By D. R. Hughes
It was with great interest that I read a full-page article in the Cymro for June 23rd 1999 about the Lloyd family of Hendrefigillt entitled ‘0 Hendrefigillt i Livorno’ [From Hendrefigillt to Livorno]. I had heard of this farm many years ago, since I was brought up on a nearby one.
Hendrefigillt stood just north of the Mold / Denbigh road near the hamlet now known as Hendre but formerly called Glan-yr-afon. Its position is shown on the 1871 O.S. map extract reproduced by courtesy of Flintshire Record Office. Its grid reference on modern OS. maps would have been 194679. The old farmhouse has completely disappeared due to the exiension of the quarry workings, but a painting of it appears in the book reviewed by Philip Lloyd on the previous pages.
The lane passing the farm was still in existence in the 1960s, and a few stones from the ruins of the old buildings could be seen. The limekiln, just north of the farm, was still standing, as was a stretch of the path between them.
Hendrefigillt is mentioned in records from the 13th century onwards. ‘Figillt’ appears to be derived from a personal name whose various forms include ‘Bugil’, ‘Bugail’ and ‘Bigel’. This name became attached to ‘Hendref’ (meaning ‘old or ancestral home’), giving rise to ‘Henrdrefigillt’. ‘Hendrefigllt’ also gave its name to the township in the parish of Halkyn, where it was situated.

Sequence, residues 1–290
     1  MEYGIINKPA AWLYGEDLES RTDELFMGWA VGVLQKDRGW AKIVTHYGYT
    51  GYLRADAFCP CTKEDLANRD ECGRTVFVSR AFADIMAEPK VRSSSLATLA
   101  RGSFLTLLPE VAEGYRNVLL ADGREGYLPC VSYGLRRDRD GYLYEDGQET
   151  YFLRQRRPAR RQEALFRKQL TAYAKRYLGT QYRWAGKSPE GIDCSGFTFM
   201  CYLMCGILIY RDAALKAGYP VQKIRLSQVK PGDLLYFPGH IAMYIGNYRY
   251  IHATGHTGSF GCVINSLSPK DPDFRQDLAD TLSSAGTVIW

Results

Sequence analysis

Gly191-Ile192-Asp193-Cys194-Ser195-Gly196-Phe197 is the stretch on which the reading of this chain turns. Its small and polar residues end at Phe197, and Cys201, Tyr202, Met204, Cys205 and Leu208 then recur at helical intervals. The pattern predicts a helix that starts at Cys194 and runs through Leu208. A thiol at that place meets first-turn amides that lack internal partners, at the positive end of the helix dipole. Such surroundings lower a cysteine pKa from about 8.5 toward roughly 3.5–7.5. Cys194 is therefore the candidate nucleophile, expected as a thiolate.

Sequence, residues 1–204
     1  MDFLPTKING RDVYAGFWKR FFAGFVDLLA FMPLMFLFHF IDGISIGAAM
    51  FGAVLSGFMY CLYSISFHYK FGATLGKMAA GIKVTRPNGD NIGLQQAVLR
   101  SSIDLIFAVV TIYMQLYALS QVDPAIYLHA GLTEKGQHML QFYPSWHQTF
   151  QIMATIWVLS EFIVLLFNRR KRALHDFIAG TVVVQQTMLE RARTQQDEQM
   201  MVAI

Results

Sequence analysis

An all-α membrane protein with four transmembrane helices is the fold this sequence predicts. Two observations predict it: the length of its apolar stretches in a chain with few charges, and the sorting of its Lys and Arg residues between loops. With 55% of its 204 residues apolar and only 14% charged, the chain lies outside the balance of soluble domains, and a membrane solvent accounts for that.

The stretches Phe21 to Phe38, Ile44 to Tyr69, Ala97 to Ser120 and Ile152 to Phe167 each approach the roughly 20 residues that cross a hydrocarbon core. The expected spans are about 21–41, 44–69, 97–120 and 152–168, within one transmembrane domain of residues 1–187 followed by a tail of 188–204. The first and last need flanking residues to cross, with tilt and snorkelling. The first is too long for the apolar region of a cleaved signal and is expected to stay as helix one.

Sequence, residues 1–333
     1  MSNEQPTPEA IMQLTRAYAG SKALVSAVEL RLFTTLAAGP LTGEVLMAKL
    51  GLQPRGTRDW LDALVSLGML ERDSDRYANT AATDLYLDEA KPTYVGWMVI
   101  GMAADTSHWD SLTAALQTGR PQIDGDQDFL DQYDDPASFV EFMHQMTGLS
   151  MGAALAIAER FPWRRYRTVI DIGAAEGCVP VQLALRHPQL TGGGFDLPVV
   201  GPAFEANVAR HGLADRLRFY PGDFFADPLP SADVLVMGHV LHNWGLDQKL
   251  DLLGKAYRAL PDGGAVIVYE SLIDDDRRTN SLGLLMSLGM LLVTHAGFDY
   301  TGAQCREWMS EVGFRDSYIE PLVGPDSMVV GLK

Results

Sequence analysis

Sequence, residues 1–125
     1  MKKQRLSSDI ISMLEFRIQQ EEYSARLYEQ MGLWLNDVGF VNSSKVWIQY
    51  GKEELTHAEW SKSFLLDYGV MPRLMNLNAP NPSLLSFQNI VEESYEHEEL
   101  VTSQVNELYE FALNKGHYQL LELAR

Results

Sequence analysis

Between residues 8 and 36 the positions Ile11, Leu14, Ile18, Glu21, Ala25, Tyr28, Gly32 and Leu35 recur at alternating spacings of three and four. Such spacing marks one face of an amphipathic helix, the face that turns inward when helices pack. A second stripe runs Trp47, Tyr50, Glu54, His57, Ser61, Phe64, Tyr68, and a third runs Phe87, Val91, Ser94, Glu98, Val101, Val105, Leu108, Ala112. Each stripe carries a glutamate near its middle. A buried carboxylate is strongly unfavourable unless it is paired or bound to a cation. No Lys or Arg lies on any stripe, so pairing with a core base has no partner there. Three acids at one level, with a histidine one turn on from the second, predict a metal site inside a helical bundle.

A branch of the Pennant family lived at Hendrefigillt, according to Thomas Pennant in his History of the Parishes of Whitford and Holywell. He states that there were several inscriptions referring to the branch in Cilcain churchyard. The earliest referred to the burial of Angharad Pennant on September 25th 1588, Pennant also states that its last member was Peter Pennant, who was living in 1664.
The Lloyd family under consideration in Philip Lloyd’s review of O Hendrefeigillt i Livorno elsewhere in this publication had lived at Hendrefigillt from 1750 at the earliest until the death of Robert Lloyd in 1873. The farm was occupied after this time, but was finally abandoned in the 1920s due to quarry expansion, and it is probable that the smallholding close to Gwrachen farm became known as Hendre farm at this time.
The site of Hendrefigillt farmhouse has disappeared completely. The surrounding land is inaccessible due to quarry workings, and the old road up to Gwrachen has been diverted several times
Ellis, B. History of Halkyn Mountain. 1998
Owen, H.W. Enwau Lleoedd Bro Dyfrdwy ac Alun. 1991
Pennant, T. History of the Parishes of Whitford and Holywell. 1796
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